If your branding statement isn't a great fit for the position, take the time to revise it to represent the qualities the company is looking for. As with other job search materials, it's critical to demonstrate to the employer why you're one of the best-qualified applicants for the position.
Refresh Your LinkedIn Profile
Also, make changes to your LinkedIn profile. It doesn't have to be an exact match, but it should be near enough to pass examination since employers will look at it. Take the time to produce a summary that is useful, highlights your professional interests, and will catch the attention of hiring managers.
Change your LinkedIn page gradually. Small adjustments made over time will be less obvious. You may, for example, progressively update your LinkedIn page by revising some of your job descriptions to better reflect the brand you're looking for. They should still represent your work at each employment, although the emphasis might alter.
Make changes to your LinkedIn headline. LinkedIn's headline area is intended for brief, descriptive language. Use it to showcase the abilities you have that are relevant to your ambitions. Again, if you're working, don't go too far from your existing position. If you are not already employed, you have greater freedom in how you create your headline.
Revise your resume. Another idea is to make your job descriptions on LinkedIn minimal and generic. Instead of altering your LinkedIn profile, you may tailor your CV to each job you're looking for. There will be no discernible change in the eyes of existing or potential employers. There are tiny and easy improvements you may make that will have a significant beneficial effect.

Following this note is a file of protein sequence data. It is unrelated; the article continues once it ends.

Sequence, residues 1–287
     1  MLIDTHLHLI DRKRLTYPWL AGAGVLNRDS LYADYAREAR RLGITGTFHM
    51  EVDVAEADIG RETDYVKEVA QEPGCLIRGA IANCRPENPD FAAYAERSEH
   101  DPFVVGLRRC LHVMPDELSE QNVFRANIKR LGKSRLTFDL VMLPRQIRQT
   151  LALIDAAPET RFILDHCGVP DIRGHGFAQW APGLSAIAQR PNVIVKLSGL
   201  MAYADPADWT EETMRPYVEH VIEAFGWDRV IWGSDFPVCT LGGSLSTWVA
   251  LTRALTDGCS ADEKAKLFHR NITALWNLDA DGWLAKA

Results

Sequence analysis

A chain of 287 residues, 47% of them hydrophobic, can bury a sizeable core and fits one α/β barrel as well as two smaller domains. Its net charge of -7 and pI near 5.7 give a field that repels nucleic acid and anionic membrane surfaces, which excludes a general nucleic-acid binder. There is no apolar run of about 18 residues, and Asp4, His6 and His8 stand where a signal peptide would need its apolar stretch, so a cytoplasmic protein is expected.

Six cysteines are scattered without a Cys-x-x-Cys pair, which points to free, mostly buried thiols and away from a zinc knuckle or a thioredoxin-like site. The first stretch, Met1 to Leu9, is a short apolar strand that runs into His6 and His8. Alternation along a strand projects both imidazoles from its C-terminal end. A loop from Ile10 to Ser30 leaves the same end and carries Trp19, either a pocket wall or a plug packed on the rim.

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Examine Your Other Social Accounts
Is your messaging to recruiters and networking relationships consistent? Will they get the same idea if they look at all of your public social media accounts?
When it comes to utilizing social media for professional growth, consistency is key. Using the same professional picture across platforms will aid in the development of your brand.
Rebranding Yourself (Carefully)
When considering a big job transition or a career change, rebranding may be necessary. If you are presently employed, rebranding should be done slowly and cautiously.
You don't want to announce to your existing boss, other firm workers, or customers that you're rebranding your credentials and looking for other prospects. That way, you won't compromise your current employment and may move on when you're ready.
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Explain in your cover letter
What you write in your cover letter is private between you and the hiring manager who reads it. Use your cover letter to convey the tale of your professional transition. Create a tailored cover letter that emphasizes your most significant achievements and assets that qualify you for the position, helping to persuade the hiring manager that you're well worth an interview.
Keep Your Brand Up to Date
Rebranding your profession is a long-term process. Technology evolves, the economy fluctuates, in-demand skills shift over time, and most people's job goals shift as well. Over the course of their career, the typical worker will change jobs 10 to 15 times. 2 Your career will most likely change over time as well.
Add new talents to your resume and LinkedIn profile when you obtain more job experience, take a course, or otherwise discover new ones. As you go, revise your resume job descriptions to reflect where you're going as well as where you've been.
By making gradual and consistent modifications, your rebranding will be a work in progress, and you will be able to effectively leverage your brand to further your career.